away ; but distance and time go for naught in the North — in
fact, are about the only possessions with which the inhabitants
are plentifully endowed ; so we compassed the space and pur-
chased the dogs. There were four of them — long-haired.



clean-legged, fox-headed animals, with more the appearance
of wolves than of dogs. With them came four sets of har-


ness, each set having a tinkling row of bells in its back-band
which, being of different tones, rang a merry chime as their
wearers trotted briskly along. This completed the passenger
accommodation ; now for the baggage-van.

Another board, ten feet in length and fourteen inches
wide, was purchased, steamed, and turned up at one end.
But, instead of the raw-hide covering, shoe-latchets were in-
serted in the outer edges of the board, which would tie down
tightly to its surface the load of provision, bedding, and
camp-equipage, necessary for the journey. For this sledge
the motive power was selected less critically ; strength was the
requisite, not symmetry ; so dogs of strong sinew and large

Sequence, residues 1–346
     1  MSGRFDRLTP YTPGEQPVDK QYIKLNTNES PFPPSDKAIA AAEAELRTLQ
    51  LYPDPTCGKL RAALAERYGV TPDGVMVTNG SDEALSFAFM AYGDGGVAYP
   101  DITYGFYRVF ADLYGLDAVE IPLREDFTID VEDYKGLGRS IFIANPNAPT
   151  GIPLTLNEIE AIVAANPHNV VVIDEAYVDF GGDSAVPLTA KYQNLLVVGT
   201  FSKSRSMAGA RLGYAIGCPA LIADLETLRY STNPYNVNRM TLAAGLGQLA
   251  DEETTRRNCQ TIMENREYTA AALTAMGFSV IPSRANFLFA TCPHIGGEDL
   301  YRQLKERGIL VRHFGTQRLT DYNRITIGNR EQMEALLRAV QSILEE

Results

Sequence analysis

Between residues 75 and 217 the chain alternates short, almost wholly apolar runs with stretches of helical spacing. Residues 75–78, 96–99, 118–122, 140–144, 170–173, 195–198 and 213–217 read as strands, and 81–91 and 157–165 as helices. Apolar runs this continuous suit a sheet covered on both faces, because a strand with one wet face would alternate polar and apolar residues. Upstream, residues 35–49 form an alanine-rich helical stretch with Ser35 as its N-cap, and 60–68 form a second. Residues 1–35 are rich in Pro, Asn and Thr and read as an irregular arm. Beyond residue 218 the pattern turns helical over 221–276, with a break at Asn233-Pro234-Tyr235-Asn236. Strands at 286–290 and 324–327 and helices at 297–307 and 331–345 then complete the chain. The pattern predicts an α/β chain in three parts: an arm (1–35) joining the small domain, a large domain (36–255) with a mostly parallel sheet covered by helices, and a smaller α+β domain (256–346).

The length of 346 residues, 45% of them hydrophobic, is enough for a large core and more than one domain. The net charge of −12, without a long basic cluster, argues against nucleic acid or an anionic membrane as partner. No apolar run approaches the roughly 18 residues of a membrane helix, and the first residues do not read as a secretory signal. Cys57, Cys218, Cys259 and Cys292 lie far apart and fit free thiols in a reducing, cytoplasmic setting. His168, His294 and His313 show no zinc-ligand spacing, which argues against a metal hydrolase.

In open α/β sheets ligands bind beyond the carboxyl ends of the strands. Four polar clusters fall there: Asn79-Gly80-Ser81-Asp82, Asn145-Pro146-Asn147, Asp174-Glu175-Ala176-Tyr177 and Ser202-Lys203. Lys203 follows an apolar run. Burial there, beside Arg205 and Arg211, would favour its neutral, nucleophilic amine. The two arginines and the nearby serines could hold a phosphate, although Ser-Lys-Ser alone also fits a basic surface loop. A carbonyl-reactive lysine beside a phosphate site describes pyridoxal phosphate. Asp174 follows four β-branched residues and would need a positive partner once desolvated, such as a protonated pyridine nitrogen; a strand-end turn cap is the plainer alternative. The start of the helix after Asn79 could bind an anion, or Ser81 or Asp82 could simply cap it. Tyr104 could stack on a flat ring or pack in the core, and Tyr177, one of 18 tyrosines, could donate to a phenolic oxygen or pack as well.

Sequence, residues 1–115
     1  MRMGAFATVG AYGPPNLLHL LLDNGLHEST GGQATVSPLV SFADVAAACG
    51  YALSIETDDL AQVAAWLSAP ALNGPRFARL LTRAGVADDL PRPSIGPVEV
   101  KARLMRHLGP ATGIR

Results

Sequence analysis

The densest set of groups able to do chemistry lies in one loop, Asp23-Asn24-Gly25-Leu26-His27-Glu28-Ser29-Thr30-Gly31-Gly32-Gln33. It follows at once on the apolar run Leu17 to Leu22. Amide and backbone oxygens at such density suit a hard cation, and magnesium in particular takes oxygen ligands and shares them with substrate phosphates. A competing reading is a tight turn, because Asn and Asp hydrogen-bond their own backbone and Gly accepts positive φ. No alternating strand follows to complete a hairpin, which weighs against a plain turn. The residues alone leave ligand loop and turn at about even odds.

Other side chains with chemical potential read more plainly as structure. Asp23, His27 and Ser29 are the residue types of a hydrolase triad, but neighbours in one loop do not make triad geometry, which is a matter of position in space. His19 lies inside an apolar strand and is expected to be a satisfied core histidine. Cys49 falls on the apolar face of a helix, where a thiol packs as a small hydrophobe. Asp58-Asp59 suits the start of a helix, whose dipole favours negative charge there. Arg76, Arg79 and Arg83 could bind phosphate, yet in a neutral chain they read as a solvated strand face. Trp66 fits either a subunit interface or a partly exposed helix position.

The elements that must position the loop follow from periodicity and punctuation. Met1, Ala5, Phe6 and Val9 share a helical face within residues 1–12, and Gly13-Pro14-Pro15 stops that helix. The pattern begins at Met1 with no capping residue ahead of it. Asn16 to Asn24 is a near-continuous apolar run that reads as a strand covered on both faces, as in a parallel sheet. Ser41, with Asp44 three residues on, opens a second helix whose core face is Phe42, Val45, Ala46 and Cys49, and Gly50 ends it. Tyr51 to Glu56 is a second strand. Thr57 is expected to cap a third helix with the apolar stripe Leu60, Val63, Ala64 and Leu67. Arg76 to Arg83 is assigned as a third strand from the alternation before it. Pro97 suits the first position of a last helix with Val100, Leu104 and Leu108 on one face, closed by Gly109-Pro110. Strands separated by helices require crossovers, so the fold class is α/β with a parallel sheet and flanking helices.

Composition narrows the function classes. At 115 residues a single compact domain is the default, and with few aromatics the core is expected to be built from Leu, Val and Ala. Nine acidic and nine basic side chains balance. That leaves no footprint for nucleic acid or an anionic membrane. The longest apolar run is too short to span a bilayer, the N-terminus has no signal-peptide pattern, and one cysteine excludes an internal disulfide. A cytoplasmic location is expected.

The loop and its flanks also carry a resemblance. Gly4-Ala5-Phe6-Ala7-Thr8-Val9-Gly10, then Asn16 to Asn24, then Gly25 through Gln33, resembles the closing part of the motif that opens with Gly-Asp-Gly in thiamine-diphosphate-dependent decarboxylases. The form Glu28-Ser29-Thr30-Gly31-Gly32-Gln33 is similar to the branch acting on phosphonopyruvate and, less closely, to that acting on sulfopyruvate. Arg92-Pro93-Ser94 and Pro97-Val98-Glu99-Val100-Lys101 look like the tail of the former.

bone were chosen, regardless of looks. For provision, we had
pemmican — the pounded dried meat of the buffalo mingled
with fat — and black tea : the doss had frozen whitefish.


My driver was a heathen Cree. He was, moreover, a lin-
guist, speaking several aboriginal dialects and a kind of
mongrel French. Five golden sovereigns constituted the
bond of union between us. He was a lank, muscular man,
the bones of whose huge frame stood out conspicuously at the
joints and angles, and the muscles showed distinctly in his
gaunt meagreness. He had yellow paint on his face, and was
arrayed in rather bewildering apparel. His headgear was the
luxuriant chevelure with which Nature had endowed him.
On his feet he wore moccasins ; on his limbs he wore leggins,
which extended only a certain way above the knee, leaving
that Providence which "tempers the wind to the shorn lamb "
a dreary waste of yellow-mottled skin upon which to experi-
ment ; on his body he wore a cotton shirt perennially innocent
of soap. Attached to this shirt, and stretched straight and
taut across the pit of his stomach, he wore a brass watch-
chain. Over all, like the mantle of Charity, was strapped a
green blanket. Thus attired, he resembled a settled melan-
choly, or a god of bile from a dyspeptic's inferno. Neverthe-
less, he could travel from forty to sixty miles a day, running
alongside the sledge.

It was the loth of December when we left Fort Garry,
bound down the Red River of the North, across the frozen
length of Lake Winnipeg, to Norway House, at its northern